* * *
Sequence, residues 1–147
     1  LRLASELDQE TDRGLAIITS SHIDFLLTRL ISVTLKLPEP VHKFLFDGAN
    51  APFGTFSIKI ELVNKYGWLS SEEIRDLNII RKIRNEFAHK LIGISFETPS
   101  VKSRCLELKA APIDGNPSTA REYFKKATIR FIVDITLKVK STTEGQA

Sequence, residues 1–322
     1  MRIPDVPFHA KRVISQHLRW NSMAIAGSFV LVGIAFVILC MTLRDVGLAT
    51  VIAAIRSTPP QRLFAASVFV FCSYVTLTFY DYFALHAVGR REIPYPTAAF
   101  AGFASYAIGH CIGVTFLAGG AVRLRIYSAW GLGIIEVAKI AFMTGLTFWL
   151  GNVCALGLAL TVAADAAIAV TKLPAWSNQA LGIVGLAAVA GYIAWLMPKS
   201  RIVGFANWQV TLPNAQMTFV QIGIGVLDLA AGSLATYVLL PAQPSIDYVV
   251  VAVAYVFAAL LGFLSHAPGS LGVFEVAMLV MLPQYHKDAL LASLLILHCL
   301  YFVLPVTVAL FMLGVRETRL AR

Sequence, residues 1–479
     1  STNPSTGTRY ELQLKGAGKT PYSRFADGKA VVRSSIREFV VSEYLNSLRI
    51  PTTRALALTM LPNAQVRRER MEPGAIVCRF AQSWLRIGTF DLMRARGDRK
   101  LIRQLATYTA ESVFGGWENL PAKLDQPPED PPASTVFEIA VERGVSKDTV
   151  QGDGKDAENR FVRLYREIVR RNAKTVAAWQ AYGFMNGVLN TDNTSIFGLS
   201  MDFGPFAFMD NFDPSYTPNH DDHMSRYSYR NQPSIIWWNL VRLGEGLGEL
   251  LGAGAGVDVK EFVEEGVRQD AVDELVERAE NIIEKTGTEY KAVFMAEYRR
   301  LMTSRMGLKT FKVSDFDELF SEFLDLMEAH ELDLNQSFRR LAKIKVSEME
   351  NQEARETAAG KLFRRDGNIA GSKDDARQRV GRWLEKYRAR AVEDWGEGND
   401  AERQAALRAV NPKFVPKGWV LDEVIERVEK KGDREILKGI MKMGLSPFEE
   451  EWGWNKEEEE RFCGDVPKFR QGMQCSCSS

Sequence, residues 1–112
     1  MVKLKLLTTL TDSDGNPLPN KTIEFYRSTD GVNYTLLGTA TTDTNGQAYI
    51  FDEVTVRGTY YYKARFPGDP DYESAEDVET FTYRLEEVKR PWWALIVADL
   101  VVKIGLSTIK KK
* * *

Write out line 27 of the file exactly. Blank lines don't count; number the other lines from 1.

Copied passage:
   101  VVKIGLSTIK KK